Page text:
A currency symbol is a graphic symbol used as a shorthand for a currency's name, especially in reference to amounts of money.
Although many former currency symbols were rendered obsolete by the adoption of the euro, having a new and unique currency symbol - implementation of which requires the adoption of new Unicode and type formats - has now become a status symbol for international currencies. The European Commission considers the global recognition of the euro sign EUR part of its success. In 2009, India launched a public competition to replace the Rs ligature it shared with neighbouring countries. It finalised its new currency symbol, INR (INR) on 15 July 2010. It is a blend of the Latin letter 'R' with the Devanagari letter '?' (ra).
When writing currency amounts, the location of the symbol varies by currency. Many currencies in the English-speaking world and Latin America place it before the amount (e.g., R$50,00). The Cape Verdean escudo places its symbol in the decimal separator position (i.e., 20$00). In many European countries such as France, Germany, Greece, Scandinavian countries, the symbol is usually placed after the amount (e.g., 20,50 EUR).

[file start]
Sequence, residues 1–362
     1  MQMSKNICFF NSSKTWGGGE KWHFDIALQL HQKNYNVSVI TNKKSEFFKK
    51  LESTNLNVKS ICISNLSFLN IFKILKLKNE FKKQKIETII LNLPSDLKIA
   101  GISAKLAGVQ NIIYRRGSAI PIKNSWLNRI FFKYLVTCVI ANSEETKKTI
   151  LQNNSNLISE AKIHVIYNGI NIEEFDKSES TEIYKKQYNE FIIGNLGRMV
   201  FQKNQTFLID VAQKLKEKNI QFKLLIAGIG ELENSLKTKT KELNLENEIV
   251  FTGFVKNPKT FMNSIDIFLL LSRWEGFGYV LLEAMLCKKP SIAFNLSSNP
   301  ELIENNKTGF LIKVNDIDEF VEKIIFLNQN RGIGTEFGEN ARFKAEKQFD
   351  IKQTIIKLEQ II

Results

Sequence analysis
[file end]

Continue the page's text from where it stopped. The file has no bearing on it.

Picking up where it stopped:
The decimal separator also follows local countries' standards. For instance, the United Kingdom often uses an interpunct as the decimal point on price stickers (e.g., £5·52), although no longer generally does so in print. Commas (e.g. EUR5,00) or decimal points (e.g. $50.00) are common separators used in other countries. See decimal separator for information on international standards.